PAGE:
There’s a bit of a debate when it comes to visiting the Taj Mahal in the winter. Some people think that this is the best season to visit the iconic Indian monument, while others strongly disagree.

The pros of a winter visit are slightly smaller crowds and generally mild, dry weather. Taj Mahal is busy on any day of the year, so there will be a lot of people there no matter when you visit. But the crowds are generally smaller between November and February, so there’s that.

You will have very pleasant weather if you visit in the winter though. It’s still pretty warm during the day, but you will need a lightweight jacket in the mornings and evenings. The average highs are in the 70s and 80s, which is still very warm for winter. The lows are in the 40s and 50s, so winter is probably not the ideal season for you if you were planning to catch a night viewing of the Taj Mahal.  

The main argument against a winter visit is frequent fog. It’s common in the mornings, and it can pretty much hide the entire monument. Taj Mahal is barely visible on foggy days, so you won’t be able to get good photos of the monument. But you can still enjoy the visit and explore the grounds – does it really matter if you can’t get a great photo of the Taj Mahal?

I’m inclined to agree with the people who think that winter is the best season to visit the Taj Mahal. The weather is great, there are fewer people around, and the monument is just as beautiful as it is in the summer or spring. Plus, if your photo turns out foggy there are other ways to capture a scenic Taj Mahal vista. Just head to the bank of the Yamuna River once the fog lifts and you’ll capture a phenomenal photograph of the Taj Mahal without having to pay the entrance fee again.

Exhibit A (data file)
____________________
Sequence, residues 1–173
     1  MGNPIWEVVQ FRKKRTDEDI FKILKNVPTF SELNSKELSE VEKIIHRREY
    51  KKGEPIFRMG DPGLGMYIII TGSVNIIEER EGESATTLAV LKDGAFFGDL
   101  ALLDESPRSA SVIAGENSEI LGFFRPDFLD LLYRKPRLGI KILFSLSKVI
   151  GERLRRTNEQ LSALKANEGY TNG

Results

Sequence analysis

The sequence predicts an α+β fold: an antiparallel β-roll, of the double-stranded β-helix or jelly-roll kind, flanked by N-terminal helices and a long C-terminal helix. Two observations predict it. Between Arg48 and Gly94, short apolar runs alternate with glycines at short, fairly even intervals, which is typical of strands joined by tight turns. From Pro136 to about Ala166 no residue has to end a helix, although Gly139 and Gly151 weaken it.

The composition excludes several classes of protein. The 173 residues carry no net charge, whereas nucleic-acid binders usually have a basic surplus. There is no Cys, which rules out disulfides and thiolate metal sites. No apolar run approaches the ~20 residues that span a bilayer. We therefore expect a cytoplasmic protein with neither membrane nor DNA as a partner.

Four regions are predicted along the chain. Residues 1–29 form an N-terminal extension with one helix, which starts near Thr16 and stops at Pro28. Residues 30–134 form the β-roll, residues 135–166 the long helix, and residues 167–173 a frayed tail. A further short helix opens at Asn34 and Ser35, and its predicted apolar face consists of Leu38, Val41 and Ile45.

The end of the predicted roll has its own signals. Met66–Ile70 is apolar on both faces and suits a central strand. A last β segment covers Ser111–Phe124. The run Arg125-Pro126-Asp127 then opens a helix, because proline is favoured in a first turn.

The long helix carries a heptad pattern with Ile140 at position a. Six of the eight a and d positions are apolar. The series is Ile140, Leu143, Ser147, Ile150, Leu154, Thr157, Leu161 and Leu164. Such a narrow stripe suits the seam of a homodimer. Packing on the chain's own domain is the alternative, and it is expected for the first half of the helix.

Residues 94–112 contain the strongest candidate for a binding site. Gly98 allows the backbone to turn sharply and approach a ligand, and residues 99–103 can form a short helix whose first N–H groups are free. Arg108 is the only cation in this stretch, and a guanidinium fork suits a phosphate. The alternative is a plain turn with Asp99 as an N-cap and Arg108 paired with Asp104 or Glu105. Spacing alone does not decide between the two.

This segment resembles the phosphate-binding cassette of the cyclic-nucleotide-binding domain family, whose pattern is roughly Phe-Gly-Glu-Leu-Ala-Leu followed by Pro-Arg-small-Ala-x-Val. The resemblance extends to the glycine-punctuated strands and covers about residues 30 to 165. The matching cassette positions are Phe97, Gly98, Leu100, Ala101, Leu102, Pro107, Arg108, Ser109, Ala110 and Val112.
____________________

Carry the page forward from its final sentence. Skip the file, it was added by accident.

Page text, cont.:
Which Entrance Gate To Use?

Taj Mahal Gate

It’s possible to enter the Taj Mahal through three different gates and the quality of your experience will depend on the gate you choose to enter through.

The West Gate is generally the most popular, especially with the local Indian visitors. It has the longest queues and it’s usually best to avoid using the West gate with one exception – sunrise visit. Early morning visits usually see the longest lines at the East Gate, so the West gate is actually the better option if you’re there for a magical Taj Mahal sunrise.

The East Gate is very popular among foreigners since it’s closest to the most popular hotels in the area. The lines at the East gate are generally not that long, except for sunrise visits. This is when most larger groups arrive, and the lines to buy tickets tend to be very long. If you bought your tickets in advance, the East gate remains the best entry point to the Taj Mahal.

The South Gate is the least popular entry point. It doesn’t open until 8 AM, so it’s entirely useless if you’re planning a sunrise visit to the Taj Mahal. Also, the South gate is closest to all the cheap hotels in the area, making it popular among budget travelers. There is a busy market near the South gate as well, and the chances of being targeted by pickpockets are much higher in this area.

Best (Time Of) Day To Visit Taj Mahal

Taj Mahal Sunrise

Taj Mahal is open from 6 AM to 7 PM except for Fridays when it’s closed for prayers. It’s also possible to view the Taj Mahal at night for about five days surrounding a full moon. It’s worth noting that night viewing is suspended during Ramadan, so keep that in mind while you’re planning your visit.

So, when should you get up to see the Taj Mahal? You’ll love the answer if you’re a morning person – sunrise is the ideal time of day to visit the Taj Mahal and for a few different reasons. You’ll avoid larger crowds and you’ll get to see the monument change colors as the sun rises, which is absolutely phenomenal. Just keep in mind that the ticket sales start at 6 AM and there will be a queue, so you’ll want to be there a bit earlier.

A night viewing is also a great idea if you’re in the area during a full moon. There’s just something magical about the Taj Mahal at night and it’s worth experiencing.

Things You Can’t Bring Inside Taj Mahal